GOLD LAND: The Banana Shire Council is exploring the opportunity to move it’s predominant landfill site from Trap Gully to a new site currently under a mining lease.
GOLD LAND: The Banana Shire Council is exploring the opportunity to move it’s predominant landfill site from Trap Gully to a new site currently under a mining lease.

Council identifies ‘180 year waste storage site’ for possible move

Banana Shire Council will explore the possibility of finding a new home for it's predominant landfill facility through a $63,000 study.

In today's meeting, council approved the high level study into swapping out the existing Trap Gully landfill site with a 500 hectare site under Batchfire Resource Operations Boundary Hill east lease.

Council's manager of environment and planning Keith Halford said that calculations suggest that the 500 hectare site would cater for 180 years of waste storage, to replace the Trap Gully site which has a maximum capacity of two years remaining.

"The shire is at a critical point on where we go in the future of our landfill and waste management and ultimately the Trap Gully site will close," Mr Halford said.

"There's 500 hectares we can acquire with a straight swap with our Trap Gully facility and a site in the Boundary Hill East lease.

"Batchfire's waste oil facility is bordering directly above Trap Gully as we speak and they can't go any higher so the only way they can go is out.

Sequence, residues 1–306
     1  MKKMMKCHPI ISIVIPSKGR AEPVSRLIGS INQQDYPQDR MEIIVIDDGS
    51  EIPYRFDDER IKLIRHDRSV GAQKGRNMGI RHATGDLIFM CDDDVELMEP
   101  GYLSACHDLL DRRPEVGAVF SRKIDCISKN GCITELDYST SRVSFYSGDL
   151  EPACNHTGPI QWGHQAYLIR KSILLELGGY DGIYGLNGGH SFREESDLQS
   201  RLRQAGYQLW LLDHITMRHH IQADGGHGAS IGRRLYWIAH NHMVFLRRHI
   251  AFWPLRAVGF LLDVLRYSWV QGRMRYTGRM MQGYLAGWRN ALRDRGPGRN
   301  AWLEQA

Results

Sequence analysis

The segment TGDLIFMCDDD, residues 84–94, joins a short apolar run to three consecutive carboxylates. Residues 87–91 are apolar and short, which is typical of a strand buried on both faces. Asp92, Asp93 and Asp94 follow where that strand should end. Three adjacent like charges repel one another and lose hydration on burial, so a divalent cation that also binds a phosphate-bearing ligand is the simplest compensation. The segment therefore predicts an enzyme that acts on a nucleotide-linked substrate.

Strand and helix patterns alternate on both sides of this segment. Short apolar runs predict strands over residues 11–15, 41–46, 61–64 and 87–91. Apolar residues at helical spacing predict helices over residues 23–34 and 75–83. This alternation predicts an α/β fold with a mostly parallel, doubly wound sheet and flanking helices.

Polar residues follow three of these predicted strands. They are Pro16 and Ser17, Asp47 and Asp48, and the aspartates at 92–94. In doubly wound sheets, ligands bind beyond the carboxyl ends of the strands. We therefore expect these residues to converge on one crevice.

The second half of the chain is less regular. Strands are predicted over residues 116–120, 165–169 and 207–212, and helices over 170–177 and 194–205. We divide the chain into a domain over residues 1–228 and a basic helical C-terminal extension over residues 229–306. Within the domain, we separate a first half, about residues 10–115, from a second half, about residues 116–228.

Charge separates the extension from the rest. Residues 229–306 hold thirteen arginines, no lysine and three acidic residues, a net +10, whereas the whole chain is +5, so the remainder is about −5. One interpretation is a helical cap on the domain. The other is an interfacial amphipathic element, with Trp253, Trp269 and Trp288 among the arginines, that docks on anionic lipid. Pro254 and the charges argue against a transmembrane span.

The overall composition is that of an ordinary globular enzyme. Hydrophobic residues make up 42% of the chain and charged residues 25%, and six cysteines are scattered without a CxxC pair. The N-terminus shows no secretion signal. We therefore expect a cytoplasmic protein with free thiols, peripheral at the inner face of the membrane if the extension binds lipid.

"It provides us with the chance for somebody else to close that lease out for us which would be a cost of $15-$20 million."

The report's executive summary outlined that 'While it is possible to construct another cell and extend the life of the Trap Gully site for $5 million it limits the capacity to undertake all activities on site as a result of a reduced operational footprint.'

It's estimated the study will begin in June and take about two months to complete with all councillors planning a visit to the proposed site.

Division 1 councillor John Ramsey and Division 5 councillor Brooke Leo both wanted more clarification on the potential recycling opportunities at the new site.

In response Mr Halford said that there is potential to develop the site into an industrial hub for recycling.

"The advantage is we have airspace in a big hole and our calculations have it as 180 year storage and do we want to use it all, no," Mr Halford said.

"We want to recycle where we can because waste is a resource.

"The beauty of this site is there's a lot of flat ground there and we could develop it into an industrial hub to provide those recycling options we currently don't have."

This study will also form the cornerstone of the council's waste management strategic plan currently being developed.



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